As helpful as Kriol is, it’s not Marjorie or William’s only language. Like most Indigenous people they have a rich multi-lingual heritage.
“I’m a Kriol speaker but my language is Mungaru, from the Mataranka area. My grandmother’s language is Wubuy, my grandfather’s language is Marra. My father’s mother’s language is Jawoyn, around the Katherine area,” she said.
“Our family is from different areas. So working with Kriol helps the people and young people, even kids today when they have youth group or Sunday School, they learn about God’s great love towards them through Jesus Christ.”
With no Bible portions in either her father’s or mother’s language, Marjorie said the workers at the language centre at Ngukurr were helping her translate her own language, “to try to get the feeling of it and learn to do a story.”
Sandra Makurlngu, from Goulburn Island off the coast of Arnhem Land, speaks Kunwinjku and Maung but works as a Bible translator in Maung. She loves her work and said her heart’s desire is to continue to be a translator.
“I learned a lot so when I go back to my community I will share with them what I have learned,” she said.
Sandra was educated at a time of bilingual education, but her children missed out on learning to write their mother tongue, having been taught only in English.
“In my time we were doing bilingual and it stopped halfway. But I would like the kids to know it, the younger generation to listen to it and write it. Today they’re learning in English and in language but somewhere in the middle it stopped, so there’s a missing generation. My kids don’t speak but I’m teaching them.”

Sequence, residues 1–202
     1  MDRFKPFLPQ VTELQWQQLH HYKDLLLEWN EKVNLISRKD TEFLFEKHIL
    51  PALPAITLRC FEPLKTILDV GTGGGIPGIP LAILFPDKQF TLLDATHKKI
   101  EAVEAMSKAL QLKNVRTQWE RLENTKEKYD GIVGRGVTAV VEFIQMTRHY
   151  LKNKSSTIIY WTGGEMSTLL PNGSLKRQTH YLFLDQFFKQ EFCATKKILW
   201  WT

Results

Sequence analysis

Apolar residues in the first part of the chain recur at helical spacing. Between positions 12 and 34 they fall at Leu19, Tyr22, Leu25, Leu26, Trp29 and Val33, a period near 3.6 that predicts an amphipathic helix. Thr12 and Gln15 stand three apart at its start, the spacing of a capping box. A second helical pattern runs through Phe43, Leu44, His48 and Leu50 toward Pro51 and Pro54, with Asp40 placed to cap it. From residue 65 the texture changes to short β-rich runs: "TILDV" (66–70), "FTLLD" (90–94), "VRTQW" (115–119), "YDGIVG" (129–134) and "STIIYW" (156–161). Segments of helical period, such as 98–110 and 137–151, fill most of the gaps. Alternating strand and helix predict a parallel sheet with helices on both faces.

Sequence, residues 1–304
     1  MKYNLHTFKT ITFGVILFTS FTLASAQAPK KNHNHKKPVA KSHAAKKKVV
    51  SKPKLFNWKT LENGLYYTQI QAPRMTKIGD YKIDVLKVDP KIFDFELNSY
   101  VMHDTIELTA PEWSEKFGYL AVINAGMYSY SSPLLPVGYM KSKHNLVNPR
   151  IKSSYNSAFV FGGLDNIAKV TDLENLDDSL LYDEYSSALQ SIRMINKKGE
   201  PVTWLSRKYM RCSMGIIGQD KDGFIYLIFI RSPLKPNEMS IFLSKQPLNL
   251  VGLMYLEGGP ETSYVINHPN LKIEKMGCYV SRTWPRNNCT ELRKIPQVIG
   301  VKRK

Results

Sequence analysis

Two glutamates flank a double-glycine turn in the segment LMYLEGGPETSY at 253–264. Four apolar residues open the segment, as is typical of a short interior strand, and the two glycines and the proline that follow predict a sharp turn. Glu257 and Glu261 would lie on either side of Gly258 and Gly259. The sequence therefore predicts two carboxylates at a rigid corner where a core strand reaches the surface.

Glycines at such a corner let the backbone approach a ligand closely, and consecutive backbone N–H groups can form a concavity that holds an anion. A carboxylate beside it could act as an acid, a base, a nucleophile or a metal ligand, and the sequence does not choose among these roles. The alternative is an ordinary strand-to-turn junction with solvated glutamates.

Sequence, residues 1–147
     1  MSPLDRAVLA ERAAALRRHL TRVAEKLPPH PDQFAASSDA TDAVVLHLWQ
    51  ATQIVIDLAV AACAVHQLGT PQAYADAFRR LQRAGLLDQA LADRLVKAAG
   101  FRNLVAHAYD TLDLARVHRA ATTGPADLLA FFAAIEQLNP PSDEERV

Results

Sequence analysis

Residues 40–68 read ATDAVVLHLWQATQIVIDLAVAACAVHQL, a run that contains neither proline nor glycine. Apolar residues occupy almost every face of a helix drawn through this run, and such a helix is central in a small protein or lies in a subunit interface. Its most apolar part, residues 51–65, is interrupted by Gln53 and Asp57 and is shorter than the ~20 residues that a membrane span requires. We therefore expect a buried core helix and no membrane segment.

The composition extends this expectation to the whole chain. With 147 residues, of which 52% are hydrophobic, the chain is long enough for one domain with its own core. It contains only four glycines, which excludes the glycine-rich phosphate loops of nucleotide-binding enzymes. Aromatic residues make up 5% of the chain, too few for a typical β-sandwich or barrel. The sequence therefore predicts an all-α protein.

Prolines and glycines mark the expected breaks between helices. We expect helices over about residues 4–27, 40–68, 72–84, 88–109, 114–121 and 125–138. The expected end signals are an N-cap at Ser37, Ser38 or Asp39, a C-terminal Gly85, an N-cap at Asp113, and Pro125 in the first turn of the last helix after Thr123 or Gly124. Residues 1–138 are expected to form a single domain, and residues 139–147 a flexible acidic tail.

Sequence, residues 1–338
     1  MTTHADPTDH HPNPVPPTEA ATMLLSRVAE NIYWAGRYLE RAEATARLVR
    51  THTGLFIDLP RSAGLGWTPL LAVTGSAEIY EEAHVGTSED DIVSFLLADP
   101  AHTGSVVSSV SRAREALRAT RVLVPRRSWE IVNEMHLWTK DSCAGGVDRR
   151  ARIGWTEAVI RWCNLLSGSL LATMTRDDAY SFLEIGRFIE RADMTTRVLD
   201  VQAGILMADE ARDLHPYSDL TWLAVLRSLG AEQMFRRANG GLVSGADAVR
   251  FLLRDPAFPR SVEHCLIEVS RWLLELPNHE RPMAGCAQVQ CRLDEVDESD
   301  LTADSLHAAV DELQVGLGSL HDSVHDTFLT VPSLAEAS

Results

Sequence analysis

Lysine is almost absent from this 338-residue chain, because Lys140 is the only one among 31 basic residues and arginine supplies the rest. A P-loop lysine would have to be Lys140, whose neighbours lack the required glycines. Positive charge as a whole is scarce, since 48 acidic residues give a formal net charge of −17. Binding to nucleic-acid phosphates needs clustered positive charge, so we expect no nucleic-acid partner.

Sandra said she had finished translating the Gospel of Mark in Maung and her voice was recorded for the Bible app.
“So young people or old people who don’t read it, they have to play it and read it and listen to it so they will understand and learn from it.”
She expressed her thanks to the churches that had supported the diploma course.
“You really helped us to come here and learn more about the Bible and how to translate it into our own language and do it properly, deeper, to make it clear, for our people to see the picture clear of how God is speaking to us in our own language today.”
Nungalinya principal Ben van Gelderen explained that these 15 diploma graduates were the cream of the crop in terms of Bible translation.
However, they were conscious that “they won’t be on this earth forever” and wanted to pass on their passion for translating to the next generation, “often their own relatives, granddaughters, grandnieces, who have some interest, but haven’t got the skills that they’ve got.”
So the plan from 2022 onwards is to offer courses catering to a cohort of students who are interested in translation work but not necessarily experienced in it.
“It’s going to be a big step because many of those younger ones I’m talking about look up to their grandmothers and they say, ‘Wow, they’ve been working on this for years and it’s hard work!’ Translation work is long, hard work. It’s good work, but it’s hard work and so there’s a bit of hesitancy. ‘Am I good enough to do that? Do I have the sort of Christian experience, do I have the literacy and English skills?’ They do, but there is a hesitancy. So we encourage people to start on that track – you will grow those skills; you don’t have to be an expert Bible translator to start being part of the translation team. So we are very encouraging of anyone who’s really got it in their heart from God … to take that step and start some formal training here at Nungalinya.”